Learn how others are working to decrease inequity to better support and retain women faculty and staff.
It’s a perfect storm: the pandemic has exacerbated work and personal demands on many women and caretakers, stress has increased, job satisfaction has decreased, advancement opportunities are limited, and harassment and microaggressions are on the rise. Deloitte’s study Women @ Work 2022: A Global Outlook found that these are among the primary reasons “more than half of the women surveyed want to leave their employer in the next two years, and only 10% plan to stay with their current employer for more than five years.” Unfortunately, higher education is no exception. During the pandemic, studies have found that women faculty and staff members have been disproportionately impacted by stress and increased (often invisible) labor—and the impact on women of color has been even more significant.
In the midst of the Great Resignation, retention of faculty and staff is more important than ever. Join us for a conversation to examine this systemic problem, name the gaps that need to be addressed, and share strategies to address inequity on campus. Our discussion will center around such questions as:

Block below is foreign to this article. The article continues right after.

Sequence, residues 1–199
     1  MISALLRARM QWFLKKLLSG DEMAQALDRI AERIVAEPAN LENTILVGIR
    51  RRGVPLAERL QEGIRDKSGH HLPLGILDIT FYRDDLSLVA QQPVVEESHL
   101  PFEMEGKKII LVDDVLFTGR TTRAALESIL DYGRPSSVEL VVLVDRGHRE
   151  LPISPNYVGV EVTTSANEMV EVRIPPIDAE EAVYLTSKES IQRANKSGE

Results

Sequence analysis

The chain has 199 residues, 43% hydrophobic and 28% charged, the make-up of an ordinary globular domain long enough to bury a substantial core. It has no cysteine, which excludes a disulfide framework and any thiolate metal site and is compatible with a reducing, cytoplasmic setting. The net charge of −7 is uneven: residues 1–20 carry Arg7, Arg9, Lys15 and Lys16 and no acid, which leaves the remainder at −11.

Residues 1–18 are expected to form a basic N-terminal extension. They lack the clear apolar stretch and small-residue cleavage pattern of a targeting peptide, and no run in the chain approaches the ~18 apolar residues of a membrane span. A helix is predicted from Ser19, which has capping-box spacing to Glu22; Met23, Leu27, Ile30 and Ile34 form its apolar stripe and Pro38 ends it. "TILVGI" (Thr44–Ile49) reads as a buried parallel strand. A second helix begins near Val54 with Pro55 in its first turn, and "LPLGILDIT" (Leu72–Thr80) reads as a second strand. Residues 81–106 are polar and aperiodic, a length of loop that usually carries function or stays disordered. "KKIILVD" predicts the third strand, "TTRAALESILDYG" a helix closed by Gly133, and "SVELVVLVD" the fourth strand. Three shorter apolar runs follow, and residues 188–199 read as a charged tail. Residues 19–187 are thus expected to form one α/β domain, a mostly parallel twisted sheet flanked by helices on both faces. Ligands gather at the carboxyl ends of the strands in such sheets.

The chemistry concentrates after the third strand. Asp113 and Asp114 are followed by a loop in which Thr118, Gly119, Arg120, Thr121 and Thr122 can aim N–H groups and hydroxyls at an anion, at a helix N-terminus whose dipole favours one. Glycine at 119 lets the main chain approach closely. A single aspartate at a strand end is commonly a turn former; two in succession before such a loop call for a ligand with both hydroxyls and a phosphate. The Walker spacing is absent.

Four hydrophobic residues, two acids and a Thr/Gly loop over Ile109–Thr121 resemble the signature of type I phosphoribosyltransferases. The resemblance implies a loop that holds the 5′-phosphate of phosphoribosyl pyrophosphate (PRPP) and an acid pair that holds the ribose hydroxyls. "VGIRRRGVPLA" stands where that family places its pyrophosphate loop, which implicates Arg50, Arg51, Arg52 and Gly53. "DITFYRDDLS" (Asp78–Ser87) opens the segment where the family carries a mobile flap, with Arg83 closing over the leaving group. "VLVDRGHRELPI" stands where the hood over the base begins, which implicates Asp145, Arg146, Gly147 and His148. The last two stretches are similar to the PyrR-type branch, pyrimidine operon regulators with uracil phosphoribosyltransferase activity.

- What are the specific challenges that must be addressed?
- How have institutions responded?
- What gaps still exist?
- What strategies have been successful?
Who Should Attend
This webcast has been designed for leaders interested or involved in discussions about responding to the impact of the COVID-19 pandemic and Great Resignation on women faculty and staff.
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Monica J. Casper, Ph.D.
Dean and Professor of Sociology, College of Arts and Letters, San Diego State University
Monica J. Casper is Dean of the College of Arts and Letters and Professor of Sociology at San Diego State University. She brings to her work extensive administrative experience, including leadership development, faculty affairs, ADEI, strategic planning, and more. In 2021, she received the ChangeMaker Award from the International Association of Maternal Action and Scholarship for her efforts to better understand and address the needs of working mothers. She is deeply committed to fostering a humane, collegial, and equitable workplace. A First-Gen scholar, she is the author of numerous articles and books, including, most recently, Babylost: Racism, Survival, and the Quiet Politics of Infant Mortality, from A to Z (Rutgers University Press, 2022).
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